A common type of graphics monitor is a conventional raster-scan display using a cathode ray tube (“CRT”). As is well known, in a typical CRT, an electron beam strikes phosphor on the inner surface of the screen producing light visible on the outer surface of the screen. By controlling the electron beam different locations of the screen can be struck, creating a pattern and hence a video image. In a typical CRT raster-scan display, the screen area is divided into a grid of pixels (or picture elements). The electron beam sweeps from left to right across the screen, one row at a time from top to bottom, progressively drawing each pixel on the screen. Each row of pixels is commonly referred to as a scan line. In this type of conventional display, the scan lines are horizontal. The number of pixels in a single scan line is referred to as the width. One complete pass over the screen and the pixels in that pass are commonly referred to as a frame. As the electron beam moves across the pixels of each scan line, the beam intensity can be adjusted to vary the light produced by the screen phosphor corresponding to the pixels. The light emitted by the phosphor of the pixels creates a pattern of illuminated spots forming the video image. The intensity of the electron beam is controlled by image data stored in a section of memory called the frame buffer or refresh buffer.

2. Grating Light Valves

Another type of display system uses one or more grating light valves (“GLV”) to produce an image. GLV's are known devices, and a description can be found in (among other sources) a paper by D. M. Bloom of Silicon Light Machines, Inc., titled “The Grating Light Valve: revolutionizing display technology” (1997; available from Silicon Light Machines; and a copy of which has been filed in an Information Disclosure Statement for this application), and in an article (and therein cited references) by R. W. Corrigan and others of Silicon Light Machines, Inc., titled “An Alternative Architecture for High Performance Display” (presented at the 131st SMPTE Technical Conference and Exhibition, Nov. 20, 1999, in New York, N.Y.), the disclosures of which are incorporated herein by reference. In overview, a GLV uses a combination of reflection and diffraction of light to create an image. A GLV includes a one-dimensional array of GLV pixels, each GLV pixel including a number of microscopic “ribbons.” The ribbons for each GLV pixel can be deflected through electrostatic force to create an adjustable diffraction grating. In a non-deflected state, the ribbons reflect light. As the ribbons are deflected, the ribbons increasingly diffract light. Accordingly, by controlling the ribbons, the proportion of light that is either reflected or diffracted can be controlled for each GLV pixel. The GLV deflects the ribbons for each GLV pixel according to image data, such as pixel data received from a frame buffer.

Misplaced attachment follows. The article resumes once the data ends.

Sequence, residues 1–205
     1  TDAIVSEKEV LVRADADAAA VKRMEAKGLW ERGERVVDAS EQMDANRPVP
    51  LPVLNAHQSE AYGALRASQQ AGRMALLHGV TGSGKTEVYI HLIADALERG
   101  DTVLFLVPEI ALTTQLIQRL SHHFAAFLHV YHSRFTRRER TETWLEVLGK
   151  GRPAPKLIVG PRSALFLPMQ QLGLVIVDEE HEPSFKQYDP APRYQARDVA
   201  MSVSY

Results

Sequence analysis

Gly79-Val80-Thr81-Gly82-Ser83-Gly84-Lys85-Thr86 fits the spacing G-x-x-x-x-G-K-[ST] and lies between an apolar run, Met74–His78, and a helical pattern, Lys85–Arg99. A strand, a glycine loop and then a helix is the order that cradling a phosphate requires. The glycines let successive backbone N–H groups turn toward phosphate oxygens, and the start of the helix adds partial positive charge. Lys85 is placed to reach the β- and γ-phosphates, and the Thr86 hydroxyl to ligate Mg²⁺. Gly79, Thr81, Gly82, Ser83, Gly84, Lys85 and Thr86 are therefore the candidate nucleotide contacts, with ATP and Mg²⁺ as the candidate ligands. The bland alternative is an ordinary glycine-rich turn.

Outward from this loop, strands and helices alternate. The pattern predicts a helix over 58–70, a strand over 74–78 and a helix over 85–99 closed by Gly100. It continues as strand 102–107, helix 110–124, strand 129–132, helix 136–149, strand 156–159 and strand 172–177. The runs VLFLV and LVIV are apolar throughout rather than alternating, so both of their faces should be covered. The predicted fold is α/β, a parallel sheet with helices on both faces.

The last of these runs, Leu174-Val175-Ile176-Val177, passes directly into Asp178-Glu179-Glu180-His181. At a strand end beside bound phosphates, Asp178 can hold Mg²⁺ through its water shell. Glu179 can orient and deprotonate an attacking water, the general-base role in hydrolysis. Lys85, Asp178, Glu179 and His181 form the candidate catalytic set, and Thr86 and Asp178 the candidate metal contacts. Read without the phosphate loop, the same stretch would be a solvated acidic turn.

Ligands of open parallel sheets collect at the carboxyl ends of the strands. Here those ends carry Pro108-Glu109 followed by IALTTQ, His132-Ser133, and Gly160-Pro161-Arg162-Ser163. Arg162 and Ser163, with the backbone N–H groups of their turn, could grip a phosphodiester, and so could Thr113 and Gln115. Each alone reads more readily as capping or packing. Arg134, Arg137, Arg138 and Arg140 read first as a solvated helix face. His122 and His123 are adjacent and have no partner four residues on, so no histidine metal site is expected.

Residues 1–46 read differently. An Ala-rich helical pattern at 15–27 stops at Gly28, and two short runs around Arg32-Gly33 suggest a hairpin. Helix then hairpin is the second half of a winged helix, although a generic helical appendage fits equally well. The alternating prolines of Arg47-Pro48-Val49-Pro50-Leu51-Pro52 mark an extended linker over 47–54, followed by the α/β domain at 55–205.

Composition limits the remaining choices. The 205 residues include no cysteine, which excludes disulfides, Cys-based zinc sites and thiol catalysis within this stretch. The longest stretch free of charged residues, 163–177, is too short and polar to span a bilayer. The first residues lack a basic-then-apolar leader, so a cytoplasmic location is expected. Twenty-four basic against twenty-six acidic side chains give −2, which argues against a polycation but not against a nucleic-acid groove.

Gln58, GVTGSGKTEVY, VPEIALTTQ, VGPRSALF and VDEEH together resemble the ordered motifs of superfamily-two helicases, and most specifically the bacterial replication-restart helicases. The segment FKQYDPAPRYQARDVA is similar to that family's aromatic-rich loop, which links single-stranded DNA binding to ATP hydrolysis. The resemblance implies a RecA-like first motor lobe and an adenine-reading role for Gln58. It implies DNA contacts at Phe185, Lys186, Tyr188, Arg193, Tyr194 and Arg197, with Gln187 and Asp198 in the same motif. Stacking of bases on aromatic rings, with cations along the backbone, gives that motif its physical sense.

An array of GLV pixels can create a column of visible pixels, such as 1088 pixels, typically an entire column at a time. A GLV can be used to create a vertical column of pixels in a high definition resolution image, such as a screen resolution of 1920 pixels horizontally by 1080 pixels vertically (with some of the 1088 pixels left blank or dark). By providing a GLV with pixel data representing columns of pixels in a frame, the GLV can create the frame of pixels, one column at a time, sweeping from left to right. The location of each column of pixels can be controlled external to the GLV array, such as through lenses and an adjustable mirror, rather than moving the GLV itself. A combination of three GLV's for red, green, and blue can be used to produce a color image.

3. Frame Buffers

FIG. 1A is a representation of a screen 105 as a grid of pixels 110. In FIG. 1A, for simplicity, screen 105 is only 4×4 and so only 16 pixels are shown, but a typical screen has many more pixels. One common screen resolution is high definition (“HD”) resolution, where screen resolution indicates the number of pixels in a frame and is typically given as the horizontal resolution (number of pixels in one row) versus the vertical resolution (number of pixels in one column). HD resolution is either 1920×1080 (2,073,600 total pixels per frame) or 1280×720 (921,600 pixels per frame). Herein, HD resolution refers to 1920×1080.